The contrary argument, which has admitted merit, is that information/intelligence should, like oxygen, be free.14 Otherwise, to their detriment, warriors will neglect to "buy it," just as they frequently do for training or spares. One way to resolve this apparent paradox, not surprisingly, is leadership.

Second, insofar as new demands for new-tech products result from the introduction of a new weapons system, the cost of the geospatial product to support the system should be an identifiable variable in the "total cost of ownership" of that system. It should be factored into original acquisition decisions no less than fuel costs, ammunition, training, or spares. And it should be programmed and budgeted in the same manner and with the same vigor as the system itself.

7.4 Turning Consumers Into Customers

The Commission observes that national technical means (NTM) imagery appears to be "free" to government agencies, while use of commercial imagery generally requires a distressingly large expenditure of (largely unplanned, unprogrammed) O&M funds. This perception of NTM imagery as a free good, not surprisingly, influences the willingness of those organizations to seriously consider purchasing commercial imagery. Two suggestions for resolving this problem have been suggested to the Commission.

The solution, which the Commission favors, is to remove cost from the user's equation. That is, to set aside a central commercial imagery fund--administered separately and immunized from "embezzlement" by the Services, inter alia--against which components would then draw transparently to acquire commercial imagery, which would then seem as "free" to them as does NTM imagery.

While appealing, this solution ultimately must invoke a "rationing" scheme just as does NTM, inasmuch as the fund would seldom be sufficient to satisfy every demand. Only half jokingly, this can mean that the products are sometimes "freely unavailable."

The current solution is to "ration by price." Commercial products come already priced, which allows the users to be accurately "cost informed" as to the value of the resources they consume--ideally as they are about to consume them.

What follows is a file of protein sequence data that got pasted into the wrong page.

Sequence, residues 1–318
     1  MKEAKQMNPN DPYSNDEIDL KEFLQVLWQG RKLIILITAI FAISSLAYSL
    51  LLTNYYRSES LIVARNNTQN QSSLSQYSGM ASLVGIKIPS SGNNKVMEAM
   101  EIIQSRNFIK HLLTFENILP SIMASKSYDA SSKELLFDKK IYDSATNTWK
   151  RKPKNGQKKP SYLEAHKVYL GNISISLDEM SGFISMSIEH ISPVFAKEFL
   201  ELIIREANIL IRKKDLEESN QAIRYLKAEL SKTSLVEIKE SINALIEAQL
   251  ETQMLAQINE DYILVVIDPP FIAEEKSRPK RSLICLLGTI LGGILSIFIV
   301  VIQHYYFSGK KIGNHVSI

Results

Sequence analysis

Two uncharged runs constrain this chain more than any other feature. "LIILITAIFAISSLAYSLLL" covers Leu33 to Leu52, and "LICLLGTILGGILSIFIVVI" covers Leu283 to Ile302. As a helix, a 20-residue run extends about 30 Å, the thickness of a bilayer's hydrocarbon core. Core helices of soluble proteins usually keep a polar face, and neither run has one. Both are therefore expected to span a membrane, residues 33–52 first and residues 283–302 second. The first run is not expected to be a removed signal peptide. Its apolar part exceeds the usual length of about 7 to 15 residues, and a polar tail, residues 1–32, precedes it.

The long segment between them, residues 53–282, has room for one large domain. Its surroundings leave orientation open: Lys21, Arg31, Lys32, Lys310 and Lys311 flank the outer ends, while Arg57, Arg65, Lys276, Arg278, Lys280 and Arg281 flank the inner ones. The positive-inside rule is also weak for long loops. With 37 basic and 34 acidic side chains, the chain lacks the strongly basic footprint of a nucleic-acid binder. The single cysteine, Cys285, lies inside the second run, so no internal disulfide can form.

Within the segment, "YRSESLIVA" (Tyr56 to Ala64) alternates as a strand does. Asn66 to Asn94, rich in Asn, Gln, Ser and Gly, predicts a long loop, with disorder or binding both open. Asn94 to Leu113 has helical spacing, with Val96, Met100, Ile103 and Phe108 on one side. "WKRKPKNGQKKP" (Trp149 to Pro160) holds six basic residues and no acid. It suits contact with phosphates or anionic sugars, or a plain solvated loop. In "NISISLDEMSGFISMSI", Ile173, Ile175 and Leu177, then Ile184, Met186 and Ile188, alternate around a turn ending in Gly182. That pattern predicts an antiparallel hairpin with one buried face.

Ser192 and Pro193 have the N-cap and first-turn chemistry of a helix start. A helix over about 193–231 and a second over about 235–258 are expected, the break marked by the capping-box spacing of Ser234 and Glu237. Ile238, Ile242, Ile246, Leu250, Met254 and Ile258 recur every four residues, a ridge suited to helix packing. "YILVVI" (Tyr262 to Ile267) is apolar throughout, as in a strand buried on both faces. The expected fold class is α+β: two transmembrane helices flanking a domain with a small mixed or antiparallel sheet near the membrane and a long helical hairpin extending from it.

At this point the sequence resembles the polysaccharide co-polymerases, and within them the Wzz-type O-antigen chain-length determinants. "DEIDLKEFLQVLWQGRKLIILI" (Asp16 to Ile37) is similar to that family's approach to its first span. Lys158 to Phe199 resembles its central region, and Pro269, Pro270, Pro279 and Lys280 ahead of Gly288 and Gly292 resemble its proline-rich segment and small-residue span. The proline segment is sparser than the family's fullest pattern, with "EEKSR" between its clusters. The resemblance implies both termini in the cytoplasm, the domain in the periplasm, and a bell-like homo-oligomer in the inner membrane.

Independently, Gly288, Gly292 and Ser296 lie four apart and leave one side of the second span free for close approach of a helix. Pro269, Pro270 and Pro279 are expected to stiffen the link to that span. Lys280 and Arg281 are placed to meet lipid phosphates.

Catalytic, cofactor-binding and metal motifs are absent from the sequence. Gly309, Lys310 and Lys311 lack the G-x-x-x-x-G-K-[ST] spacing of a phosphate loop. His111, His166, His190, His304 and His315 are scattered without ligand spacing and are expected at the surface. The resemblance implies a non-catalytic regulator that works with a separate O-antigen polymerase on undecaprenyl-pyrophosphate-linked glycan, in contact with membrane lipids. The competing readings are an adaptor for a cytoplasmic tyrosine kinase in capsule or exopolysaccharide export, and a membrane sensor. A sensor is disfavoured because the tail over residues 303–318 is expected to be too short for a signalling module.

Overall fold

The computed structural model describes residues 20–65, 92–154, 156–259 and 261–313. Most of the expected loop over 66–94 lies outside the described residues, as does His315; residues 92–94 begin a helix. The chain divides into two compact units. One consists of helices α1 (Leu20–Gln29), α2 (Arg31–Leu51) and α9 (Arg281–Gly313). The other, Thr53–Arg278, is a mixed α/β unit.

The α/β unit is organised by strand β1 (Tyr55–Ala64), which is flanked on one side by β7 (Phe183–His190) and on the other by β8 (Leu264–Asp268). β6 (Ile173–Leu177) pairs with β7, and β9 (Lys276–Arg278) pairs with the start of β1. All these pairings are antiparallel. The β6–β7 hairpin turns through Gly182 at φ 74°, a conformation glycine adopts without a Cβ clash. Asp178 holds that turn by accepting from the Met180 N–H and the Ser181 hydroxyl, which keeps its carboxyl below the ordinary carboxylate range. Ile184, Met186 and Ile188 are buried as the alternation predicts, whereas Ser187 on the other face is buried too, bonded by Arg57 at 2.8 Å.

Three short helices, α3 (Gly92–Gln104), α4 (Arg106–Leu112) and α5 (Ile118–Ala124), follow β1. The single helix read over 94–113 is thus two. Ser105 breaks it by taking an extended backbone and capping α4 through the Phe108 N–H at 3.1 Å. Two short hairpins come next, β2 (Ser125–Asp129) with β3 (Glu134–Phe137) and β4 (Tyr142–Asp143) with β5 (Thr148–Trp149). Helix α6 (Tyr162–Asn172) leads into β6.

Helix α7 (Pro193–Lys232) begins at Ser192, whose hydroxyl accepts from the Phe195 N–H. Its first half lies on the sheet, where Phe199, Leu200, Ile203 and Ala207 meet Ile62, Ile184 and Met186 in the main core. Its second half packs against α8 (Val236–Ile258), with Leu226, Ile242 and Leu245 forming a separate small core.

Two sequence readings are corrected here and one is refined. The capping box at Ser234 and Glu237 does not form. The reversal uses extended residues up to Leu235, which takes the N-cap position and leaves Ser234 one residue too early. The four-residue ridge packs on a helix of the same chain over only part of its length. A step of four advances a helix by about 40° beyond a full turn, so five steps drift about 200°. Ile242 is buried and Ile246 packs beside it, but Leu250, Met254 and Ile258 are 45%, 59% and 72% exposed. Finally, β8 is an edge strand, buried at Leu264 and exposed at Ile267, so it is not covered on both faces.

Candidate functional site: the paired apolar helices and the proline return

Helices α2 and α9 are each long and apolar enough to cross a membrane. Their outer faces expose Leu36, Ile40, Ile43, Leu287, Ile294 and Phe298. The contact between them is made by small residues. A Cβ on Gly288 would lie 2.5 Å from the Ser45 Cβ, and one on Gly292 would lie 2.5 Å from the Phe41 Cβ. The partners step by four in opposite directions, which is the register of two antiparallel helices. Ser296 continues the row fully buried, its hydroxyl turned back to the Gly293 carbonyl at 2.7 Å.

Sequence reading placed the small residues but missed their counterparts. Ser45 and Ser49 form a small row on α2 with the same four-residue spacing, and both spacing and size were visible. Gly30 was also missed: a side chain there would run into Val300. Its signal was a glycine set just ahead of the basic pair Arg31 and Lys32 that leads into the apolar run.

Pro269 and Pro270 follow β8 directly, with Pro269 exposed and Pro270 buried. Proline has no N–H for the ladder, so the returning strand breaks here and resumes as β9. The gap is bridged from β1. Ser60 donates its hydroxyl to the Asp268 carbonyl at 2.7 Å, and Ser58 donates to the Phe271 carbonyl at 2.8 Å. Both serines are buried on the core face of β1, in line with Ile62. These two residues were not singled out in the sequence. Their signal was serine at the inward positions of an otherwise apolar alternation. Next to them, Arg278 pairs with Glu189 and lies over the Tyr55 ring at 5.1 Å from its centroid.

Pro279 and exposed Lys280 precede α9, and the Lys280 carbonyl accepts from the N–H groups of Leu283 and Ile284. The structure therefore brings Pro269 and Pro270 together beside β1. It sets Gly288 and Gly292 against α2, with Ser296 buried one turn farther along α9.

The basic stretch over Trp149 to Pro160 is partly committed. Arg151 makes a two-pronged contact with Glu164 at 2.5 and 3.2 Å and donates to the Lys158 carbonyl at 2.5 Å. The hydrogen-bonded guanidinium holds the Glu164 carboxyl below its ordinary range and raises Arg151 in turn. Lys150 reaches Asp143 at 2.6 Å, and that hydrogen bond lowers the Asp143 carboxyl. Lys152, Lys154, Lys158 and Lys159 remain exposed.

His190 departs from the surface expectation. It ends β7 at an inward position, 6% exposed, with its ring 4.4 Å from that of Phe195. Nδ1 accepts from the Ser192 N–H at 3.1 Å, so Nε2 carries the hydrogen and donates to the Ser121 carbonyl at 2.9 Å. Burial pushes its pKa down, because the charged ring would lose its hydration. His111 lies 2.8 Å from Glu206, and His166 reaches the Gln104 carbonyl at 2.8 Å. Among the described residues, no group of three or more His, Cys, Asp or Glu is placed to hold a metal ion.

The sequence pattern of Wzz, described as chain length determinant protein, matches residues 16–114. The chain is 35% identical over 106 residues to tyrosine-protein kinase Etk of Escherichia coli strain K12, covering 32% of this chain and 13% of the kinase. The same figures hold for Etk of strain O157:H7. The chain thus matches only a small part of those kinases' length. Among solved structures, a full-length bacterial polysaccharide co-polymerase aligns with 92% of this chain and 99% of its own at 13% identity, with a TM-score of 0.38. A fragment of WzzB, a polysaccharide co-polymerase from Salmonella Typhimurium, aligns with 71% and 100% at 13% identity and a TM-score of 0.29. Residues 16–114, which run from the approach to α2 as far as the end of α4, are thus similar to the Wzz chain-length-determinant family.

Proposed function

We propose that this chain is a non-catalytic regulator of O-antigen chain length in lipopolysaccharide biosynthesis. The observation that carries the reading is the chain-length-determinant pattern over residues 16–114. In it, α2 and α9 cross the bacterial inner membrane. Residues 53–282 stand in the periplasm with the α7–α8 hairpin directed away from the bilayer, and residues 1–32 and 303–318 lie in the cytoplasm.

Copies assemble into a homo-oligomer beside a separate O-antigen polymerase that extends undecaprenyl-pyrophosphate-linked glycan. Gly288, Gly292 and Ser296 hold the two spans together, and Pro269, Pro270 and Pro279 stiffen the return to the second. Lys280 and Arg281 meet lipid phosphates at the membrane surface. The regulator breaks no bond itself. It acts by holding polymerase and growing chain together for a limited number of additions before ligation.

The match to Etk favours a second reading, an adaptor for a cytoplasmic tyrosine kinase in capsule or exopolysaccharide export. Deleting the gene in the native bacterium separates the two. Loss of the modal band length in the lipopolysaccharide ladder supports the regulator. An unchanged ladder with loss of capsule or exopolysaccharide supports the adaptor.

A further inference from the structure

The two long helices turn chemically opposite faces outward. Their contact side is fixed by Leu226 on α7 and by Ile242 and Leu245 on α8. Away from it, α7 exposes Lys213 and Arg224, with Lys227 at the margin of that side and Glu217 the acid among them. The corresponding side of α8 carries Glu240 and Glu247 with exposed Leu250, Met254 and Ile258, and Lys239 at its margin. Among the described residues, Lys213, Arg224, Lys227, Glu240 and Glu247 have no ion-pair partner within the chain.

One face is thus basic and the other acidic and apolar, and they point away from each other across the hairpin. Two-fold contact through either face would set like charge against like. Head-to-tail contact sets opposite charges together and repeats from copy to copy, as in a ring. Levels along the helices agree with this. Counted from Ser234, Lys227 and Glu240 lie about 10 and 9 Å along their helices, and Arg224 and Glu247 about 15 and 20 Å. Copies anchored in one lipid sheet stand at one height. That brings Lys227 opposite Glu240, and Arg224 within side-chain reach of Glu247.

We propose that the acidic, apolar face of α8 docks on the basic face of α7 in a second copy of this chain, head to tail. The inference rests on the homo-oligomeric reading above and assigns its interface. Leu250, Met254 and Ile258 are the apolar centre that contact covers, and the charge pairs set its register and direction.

As previously pointed out, opponents argue that information/intelligence should, like oxygen, be free. Otherwise, to their detriment, warriors may neglect to "buy it," just as they frequently do for training or spares. To repeat: one way to resolve this apparent paradox is enlightened leadership.

7.5 NIMA "Commercialization" Strategy

If NIMA is in the information business, to what degree should it emulate commercial information providers? Modern information architecture argues that all of NIMA's information holdings be accessible via the "Web"--the Secret and Top Secret versions of Intelink, as well as a Virtual Private Network like OSIS--and that applications be similarly Web enabled and/or Web-served. Here, we consider whether NIMA's "business processes" should follow an e-business model, as well.

NIMA might serve its consumers best if it were to adopt many of the stratagems of commercial e-business. For example, NIMA might:

  • "Advertise" its products by "pushing" news about them to interested subscribers--i.e., those who "opted in" for e-mail notification--and it might deliver with its products accompanying "banner ads" that allowed users to "click through" to additional product and applications information, and doctrine. The goal is to educate the subscribers in context. NIMA's products, maps and images, have intrinsic "eye appeal" and would be well suited to this.
  • Advertise, in context, ancillary services such as training and new applications, both COTS and government-off-the-shelf (GOTS) over the protected Webs; and deliver these products and services over the same media.
  • Use "hot links" on its own products--the soft-copy maps and images it delivers to subscribers--to allow users to click through to substantive collateral materials.
  • Embed context-sensitive training and educational materials within the NIMA products, and enable the user to click through to take advantage of these.
  • Arrange for hot links on other INT products to direct users, in context, to relevant supporting NIMA products.
  • Permit qualified imagery vendors and value-added suppliers to "market" directly to the national security community--this would include qualified outsource enterprises to display available products and services, take orders directly, and fulfill them directly with suitable copies, as appropriate, to NIMA libraries.
  • Encourage commercial vendors to keep (i.e., to "replicate") their own archives on-line accessible over the USG's classified and PVN networks.
  • Provide multiple access pathways to NIMA library holdings, including "commercial vendor" pathways so that goodwill associated with past vendor performance can guide a user's browsing and extraction from archives.
  • Ensure that all products and services--from USG as well as from commercial vendors--carry a meaningful "price sticker" that allows consumption decisions to be "cost-informed."
  • Depending upon "industrial funding" decisions, enable account reconciliation with online payment transactions and balance checking; consider extending the transactions to "real" credit card purchases from qualified commercial vendors who have been invited online.

7.6 The Short Attention Span of Most Consumers